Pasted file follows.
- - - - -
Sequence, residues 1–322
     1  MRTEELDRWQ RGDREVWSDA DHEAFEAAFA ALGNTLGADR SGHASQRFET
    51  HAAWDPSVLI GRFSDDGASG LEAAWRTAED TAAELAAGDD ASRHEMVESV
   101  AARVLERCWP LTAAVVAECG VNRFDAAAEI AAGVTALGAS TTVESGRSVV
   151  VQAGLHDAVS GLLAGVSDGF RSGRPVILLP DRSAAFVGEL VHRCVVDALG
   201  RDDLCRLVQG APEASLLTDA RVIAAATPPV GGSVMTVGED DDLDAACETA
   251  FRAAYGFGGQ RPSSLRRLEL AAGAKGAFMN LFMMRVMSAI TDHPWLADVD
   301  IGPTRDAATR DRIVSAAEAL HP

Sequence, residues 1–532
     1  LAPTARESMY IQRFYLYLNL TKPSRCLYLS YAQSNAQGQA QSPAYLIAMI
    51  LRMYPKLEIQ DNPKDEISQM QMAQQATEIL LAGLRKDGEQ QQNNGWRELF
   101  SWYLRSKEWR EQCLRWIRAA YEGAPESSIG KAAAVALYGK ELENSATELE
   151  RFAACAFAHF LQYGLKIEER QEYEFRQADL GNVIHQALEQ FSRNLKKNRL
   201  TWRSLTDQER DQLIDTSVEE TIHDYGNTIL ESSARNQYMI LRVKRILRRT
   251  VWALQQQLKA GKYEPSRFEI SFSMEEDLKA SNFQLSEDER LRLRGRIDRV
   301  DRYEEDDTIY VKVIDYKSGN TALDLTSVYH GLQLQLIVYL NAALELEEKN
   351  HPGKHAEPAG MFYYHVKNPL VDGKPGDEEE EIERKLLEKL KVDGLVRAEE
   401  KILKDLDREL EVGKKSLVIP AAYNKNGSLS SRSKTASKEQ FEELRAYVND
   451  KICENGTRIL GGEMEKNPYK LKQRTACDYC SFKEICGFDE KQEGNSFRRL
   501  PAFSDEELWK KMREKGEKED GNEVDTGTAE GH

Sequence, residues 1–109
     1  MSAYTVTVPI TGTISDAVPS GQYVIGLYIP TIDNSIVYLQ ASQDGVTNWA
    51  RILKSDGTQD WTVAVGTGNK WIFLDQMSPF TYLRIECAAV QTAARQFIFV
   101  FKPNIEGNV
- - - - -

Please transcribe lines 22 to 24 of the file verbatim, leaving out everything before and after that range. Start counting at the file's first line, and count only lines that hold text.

     1  MSAYTVTVPI TGTISDAVPS GQYVIGLYIP TIDNSIVYLQ ASQDGVTNWA
    51  RILKSDGTQD WTVAVGTGNK WIFLDQMSPF TYLRIECAAV QTAARQFIFV
   101  FKPNIEGNV